For America's pork producers, focusing on the principles of Earth Day is a daily part of how they manage their farms. Yet, even with a long history of being good stewards of the environment, producers continue to seek ways to improve their overall sustainability to benefit their animals, their neighbors, their local community and consumers worldwide.
"To us, sustainability is the ability to endure," said Randy Spronk, a farrow-to-finish pork producer from Edgerton, Minn., who serves on the National Pork Board's Environmental Committee. "That's why pork producers support the development of swine operations of all types and sizes that safeguard animal health and welfare, improve the food safety of pork and are environmentally, socially and economically sustainable."
Pork production contributes only 0.33% of total U.S. greenhouse gas emissions, according to U.S. Environmental Protection Agency. In addition, every pound of pork produced in the United States today has a smaller carbon footprint than it used to have 20 years ago, due to improved production methods employed by producers over the years. Things such as:
- Improved feeding programs that carefully match swine diets to the nutrition needs of the pigs' based on their sex, age and stage of growth ensures the pig's health and welfare without overfeeding nutrients that end up in the manure.
- Using manure as a natural fertilizing agent to replace or offset the use of commercial fertilizers that are made from petroleum products. This not only helps reduce the energy use associated with making the commercial fertilizers, but also helps build the carbon content and moisture-holding capacity of soils.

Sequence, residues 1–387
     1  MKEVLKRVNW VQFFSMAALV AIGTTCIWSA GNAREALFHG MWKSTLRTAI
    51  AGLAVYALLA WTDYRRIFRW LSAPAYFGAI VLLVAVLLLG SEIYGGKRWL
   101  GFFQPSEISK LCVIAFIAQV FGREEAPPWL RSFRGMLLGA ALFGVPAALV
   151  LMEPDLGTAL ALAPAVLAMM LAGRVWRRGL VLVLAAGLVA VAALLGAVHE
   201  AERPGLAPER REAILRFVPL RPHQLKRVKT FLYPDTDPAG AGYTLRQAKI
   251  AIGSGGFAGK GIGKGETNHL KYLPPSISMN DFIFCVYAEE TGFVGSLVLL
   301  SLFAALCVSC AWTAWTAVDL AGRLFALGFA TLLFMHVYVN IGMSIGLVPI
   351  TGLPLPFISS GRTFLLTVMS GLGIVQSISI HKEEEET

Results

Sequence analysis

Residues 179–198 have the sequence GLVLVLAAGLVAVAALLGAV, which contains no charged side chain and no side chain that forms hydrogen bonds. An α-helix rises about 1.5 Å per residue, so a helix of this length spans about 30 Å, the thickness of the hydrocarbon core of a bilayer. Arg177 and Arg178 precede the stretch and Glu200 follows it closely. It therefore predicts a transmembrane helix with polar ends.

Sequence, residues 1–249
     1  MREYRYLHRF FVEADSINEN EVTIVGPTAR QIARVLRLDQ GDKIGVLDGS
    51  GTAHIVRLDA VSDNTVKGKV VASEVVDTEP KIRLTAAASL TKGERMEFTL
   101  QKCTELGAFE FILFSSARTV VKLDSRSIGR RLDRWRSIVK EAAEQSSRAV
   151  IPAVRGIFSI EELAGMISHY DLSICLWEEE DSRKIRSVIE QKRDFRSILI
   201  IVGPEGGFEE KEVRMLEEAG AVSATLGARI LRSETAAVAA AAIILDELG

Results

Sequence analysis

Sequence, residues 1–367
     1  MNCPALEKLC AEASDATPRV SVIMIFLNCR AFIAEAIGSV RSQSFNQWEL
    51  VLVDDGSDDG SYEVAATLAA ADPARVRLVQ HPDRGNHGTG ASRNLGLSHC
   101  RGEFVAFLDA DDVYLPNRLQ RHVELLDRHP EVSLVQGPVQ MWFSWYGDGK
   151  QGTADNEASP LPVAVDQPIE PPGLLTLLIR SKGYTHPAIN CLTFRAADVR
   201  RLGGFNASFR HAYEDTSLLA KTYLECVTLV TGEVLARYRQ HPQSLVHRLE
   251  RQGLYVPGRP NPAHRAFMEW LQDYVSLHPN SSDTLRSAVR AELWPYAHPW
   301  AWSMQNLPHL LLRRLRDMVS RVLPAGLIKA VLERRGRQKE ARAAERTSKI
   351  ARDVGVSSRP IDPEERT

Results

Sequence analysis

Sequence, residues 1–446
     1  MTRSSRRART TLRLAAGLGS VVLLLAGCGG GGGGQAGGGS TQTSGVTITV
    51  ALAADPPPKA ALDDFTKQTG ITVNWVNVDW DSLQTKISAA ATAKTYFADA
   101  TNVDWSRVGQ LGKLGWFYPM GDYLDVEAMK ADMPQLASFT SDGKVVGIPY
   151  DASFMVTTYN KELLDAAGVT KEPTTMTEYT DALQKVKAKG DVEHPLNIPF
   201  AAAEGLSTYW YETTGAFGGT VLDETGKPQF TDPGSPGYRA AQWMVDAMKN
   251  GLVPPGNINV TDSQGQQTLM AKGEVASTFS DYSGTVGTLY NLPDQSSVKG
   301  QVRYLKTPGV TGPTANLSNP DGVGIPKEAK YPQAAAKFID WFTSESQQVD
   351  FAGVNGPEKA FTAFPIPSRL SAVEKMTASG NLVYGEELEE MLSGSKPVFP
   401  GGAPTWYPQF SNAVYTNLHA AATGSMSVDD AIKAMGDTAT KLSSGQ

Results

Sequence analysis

- Improved manure management and application practices, such as following carefully developed manure management plans that match the manure nutrient applied to the nutrient needs of the crops to be grown. Also, injection or incorporation of the manure nutrients at the time of application, not only ensures getting the full fertilizer value of the manure, but guards against runoff that could impact water quality.
- Controlling odor. Windbreaks are an important feature of many swine farms, because the trees help filter the air and reduce the potential transfer of odor from the farm.
"These are just a few examples of how producers strive to be good neighbors in the communities in which they live," said Stokes.
As the pork industry plays its part to feed an ever-growing world population, the Pork Checkoff is developing new tools to help producers become more sustainable, Stokes added. A new carbon footprint calculator is in final stages of development that will help producers identify areas on their farms where they can become more efficient and potentially reduce their carbon footprint. This tool is expected to be launched at World Pork Expo in Des Moines in June.
"We want to ensure that the resources required in pork production are used as efficiently as possible, with little or no waste," Spronk said. "By focusing on environmental sustainability, we can help protect precious resources for future generations."
For more information on how America's Pork Producers are focusing on sustainability, visit www.pork.org.
The National Pork Board has responsibility for Checkoff-funded research, promotion and consumer information projects and for communicating with pork producers and the public. Through a legislative national Pork Checkoff, pork producers invest $0.40 for each $100 value of hogs sold. The Pork Checkoff funds national and state programs in advertising, consumer information, retail and foodservice marketing, export market promotion, production improvement, technology, swine health, pork safety and environmental management. For information on Checkoff-funded programs, pork producers can call the Pork Checkoff Service Center at (800) 456-7675 or go to pork.org.